Shadow IT on the Rise But Feds Unsure How to Tackle Security Risks

Lisa S./

Many federal technology decision-makers say they see widespread use of shadow IT in their agency, but consider themselves Ill-equipped to handle its accompanying security risks.

Despite the increasing prevalence of unauthorized apps and devices -- aka shadow IT-- in the federal technology workspace, few decision-makers feel confident they can control its accompanying security risks.

About 90 percent of the federal IT officials polled in a new report by SolarWinds, which provides IT performance management software, said they’ve noticed at least some shadow IT use in their organization. But only 13 percent of respondents said they are “very confident” in their ability to protect their systems from the security risks that could come from the practice.

The survey and an accompanying report examines shadow IT, shared services and mobile devices in the federal sphere. Two hundred federal IT officials from such agencies as the National Security Agency, the General Services Administration and the Internal Revenue Service were polled.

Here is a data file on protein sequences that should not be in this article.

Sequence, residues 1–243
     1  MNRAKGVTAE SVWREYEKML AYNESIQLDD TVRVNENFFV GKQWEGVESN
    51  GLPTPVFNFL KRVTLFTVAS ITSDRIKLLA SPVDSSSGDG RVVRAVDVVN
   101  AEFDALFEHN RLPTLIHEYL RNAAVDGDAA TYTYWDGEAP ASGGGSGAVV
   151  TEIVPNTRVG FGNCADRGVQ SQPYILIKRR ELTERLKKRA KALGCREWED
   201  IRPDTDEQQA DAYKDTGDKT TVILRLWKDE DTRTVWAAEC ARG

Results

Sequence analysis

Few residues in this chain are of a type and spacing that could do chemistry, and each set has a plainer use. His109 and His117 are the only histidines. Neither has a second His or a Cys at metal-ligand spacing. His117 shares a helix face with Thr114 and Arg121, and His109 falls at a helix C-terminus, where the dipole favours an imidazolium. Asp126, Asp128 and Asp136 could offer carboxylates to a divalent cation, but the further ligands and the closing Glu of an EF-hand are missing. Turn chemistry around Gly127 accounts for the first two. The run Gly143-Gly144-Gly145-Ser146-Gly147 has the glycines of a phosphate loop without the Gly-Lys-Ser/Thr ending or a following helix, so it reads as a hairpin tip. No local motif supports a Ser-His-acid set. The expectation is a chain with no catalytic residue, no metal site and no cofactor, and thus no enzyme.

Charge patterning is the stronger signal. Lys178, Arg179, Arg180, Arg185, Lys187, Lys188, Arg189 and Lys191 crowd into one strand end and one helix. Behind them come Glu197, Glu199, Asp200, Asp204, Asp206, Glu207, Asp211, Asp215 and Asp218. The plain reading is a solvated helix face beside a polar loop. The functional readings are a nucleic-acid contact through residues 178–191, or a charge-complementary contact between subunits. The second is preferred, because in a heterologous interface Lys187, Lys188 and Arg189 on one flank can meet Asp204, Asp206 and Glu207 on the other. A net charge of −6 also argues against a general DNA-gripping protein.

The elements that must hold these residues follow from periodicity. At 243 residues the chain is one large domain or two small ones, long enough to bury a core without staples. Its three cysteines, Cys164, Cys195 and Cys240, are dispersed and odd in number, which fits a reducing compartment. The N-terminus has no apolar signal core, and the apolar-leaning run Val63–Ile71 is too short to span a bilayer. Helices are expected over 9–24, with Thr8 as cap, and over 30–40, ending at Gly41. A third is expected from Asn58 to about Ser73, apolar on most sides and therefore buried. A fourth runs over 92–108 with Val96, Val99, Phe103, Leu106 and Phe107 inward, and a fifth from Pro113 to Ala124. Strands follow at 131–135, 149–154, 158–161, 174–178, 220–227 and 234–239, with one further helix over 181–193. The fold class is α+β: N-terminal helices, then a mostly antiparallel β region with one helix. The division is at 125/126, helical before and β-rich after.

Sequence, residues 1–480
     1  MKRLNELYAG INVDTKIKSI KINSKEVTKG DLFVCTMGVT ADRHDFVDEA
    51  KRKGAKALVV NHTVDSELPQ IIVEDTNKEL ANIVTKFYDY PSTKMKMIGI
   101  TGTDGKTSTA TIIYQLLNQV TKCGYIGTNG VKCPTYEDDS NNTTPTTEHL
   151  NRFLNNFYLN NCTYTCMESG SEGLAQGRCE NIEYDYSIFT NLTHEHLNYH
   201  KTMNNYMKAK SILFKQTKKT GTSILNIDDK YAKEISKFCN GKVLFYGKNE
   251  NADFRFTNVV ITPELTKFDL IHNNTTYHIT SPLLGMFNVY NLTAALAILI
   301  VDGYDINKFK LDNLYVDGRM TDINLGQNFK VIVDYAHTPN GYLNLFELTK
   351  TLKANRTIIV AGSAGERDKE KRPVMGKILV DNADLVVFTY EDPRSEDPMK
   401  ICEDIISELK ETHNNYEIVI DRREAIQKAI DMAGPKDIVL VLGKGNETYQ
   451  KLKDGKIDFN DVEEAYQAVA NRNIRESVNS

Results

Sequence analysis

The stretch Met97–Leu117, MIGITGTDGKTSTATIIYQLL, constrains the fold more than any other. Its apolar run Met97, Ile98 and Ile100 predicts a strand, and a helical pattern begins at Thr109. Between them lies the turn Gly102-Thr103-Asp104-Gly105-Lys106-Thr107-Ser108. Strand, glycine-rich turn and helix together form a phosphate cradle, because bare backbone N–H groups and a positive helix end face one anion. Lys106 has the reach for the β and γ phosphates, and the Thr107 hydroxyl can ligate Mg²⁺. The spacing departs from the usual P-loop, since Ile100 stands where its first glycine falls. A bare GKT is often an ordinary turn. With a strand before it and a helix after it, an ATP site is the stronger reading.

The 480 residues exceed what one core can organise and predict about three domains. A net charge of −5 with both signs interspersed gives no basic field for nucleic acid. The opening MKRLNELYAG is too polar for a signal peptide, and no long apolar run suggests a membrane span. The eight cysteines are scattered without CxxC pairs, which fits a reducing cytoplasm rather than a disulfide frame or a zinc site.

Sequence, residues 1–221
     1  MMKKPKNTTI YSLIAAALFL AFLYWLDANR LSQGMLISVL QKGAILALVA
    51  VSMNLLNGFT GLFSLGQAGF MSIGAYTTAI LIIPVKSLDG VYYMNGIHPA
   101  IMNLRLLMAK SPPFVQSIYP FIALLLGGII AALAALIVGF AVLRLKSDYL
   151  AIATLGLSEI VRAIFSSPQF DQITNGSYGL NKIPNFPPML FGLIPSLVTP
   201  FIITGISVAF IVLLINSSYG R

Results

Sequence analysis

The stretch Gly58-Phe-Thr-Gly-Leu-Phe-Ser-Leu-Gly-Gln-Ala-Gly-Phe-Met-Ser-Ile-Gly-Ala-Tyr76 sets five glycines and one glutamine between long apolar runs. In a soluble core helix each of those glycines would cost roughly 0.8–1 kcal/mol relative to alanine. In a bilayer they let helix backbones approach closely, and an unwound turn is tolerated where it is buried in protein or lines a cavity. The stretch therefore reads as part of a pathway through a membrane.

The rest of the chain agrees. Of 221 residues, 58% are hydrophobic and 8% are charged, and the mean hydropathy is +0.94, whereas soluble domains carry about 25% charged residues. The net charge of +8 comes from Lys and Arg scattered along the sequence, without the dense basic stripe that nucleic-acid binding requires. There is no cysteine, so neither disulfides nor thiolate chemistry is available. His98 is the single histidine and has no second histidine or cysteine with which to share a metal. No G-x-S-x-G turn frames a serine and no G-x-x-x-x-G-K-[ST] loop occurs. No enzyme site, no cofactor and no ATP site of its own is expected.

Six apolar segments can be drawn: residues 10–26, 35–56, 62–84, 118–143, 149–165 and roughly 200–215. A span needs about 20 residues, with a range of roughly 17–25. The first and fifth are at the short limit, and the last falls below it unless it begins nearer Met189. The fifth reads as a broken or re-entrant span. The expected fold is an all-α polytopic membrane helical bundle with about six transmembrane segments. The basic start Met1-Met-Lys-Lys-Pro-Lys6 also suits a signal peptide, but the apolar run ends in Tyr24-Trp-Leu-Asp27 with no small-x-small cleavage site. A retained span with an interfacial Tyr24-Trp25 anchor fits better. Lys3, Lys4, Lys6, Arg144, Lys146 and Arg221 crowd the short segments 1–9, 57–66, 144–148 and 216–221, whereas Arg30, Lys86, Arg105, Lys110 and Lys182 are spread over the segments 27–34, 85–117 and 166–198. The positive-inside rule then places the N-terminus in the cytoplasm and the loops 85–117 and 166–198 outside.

The use of shadow IT will likely continue to grow, according to the survey. More than half of those polled said they predict it will become more popular over the next two years. Respondents from defense agencies expected the biggest growth. 

Most respondents attributed its popularity to the “long/cumbersome IT acquisition process” or a “perceived lack of innovation by IT department.”

Shadow IT was also rated one of the most difficult areas of IT to oversee, according to the survey, coming behind only cloud computing.

“We really wanted to dig into [shadow IT] because it's something that people were telling us that they didn't have good controls on, that there was expanding use in their departments, [but] they weren't sure how to manage it,” said Mav Turner, director of product marketing and business strategy at SolarWinds, in an interview with Nextgov.

The survey also examined the increasing popularity of IT shared services.

Respondents noted that although they were concerned shared services could negatively affect security and performance at their agency, many also noted its benefits.

Sixty percent of respondents said the main benefit of shared services is cost savings. Many respondents also said shared services help make performance more reliable because it standardizes IT services. 

“I think there’s still a lot of opportunity for agencies to improve their offering of shared services, so that it is not just about cutting costs but it's actually about improving services," Turner said. "Because by consolidating, you really can offer a better service."

The survey also examined the security concerns surrounding mobile devices in the workplace.

Though most respondents said their agency does not give personal devices access to their system, 80 percent said they still worry about the security risks from mobile devices.

(Image via Lisa S./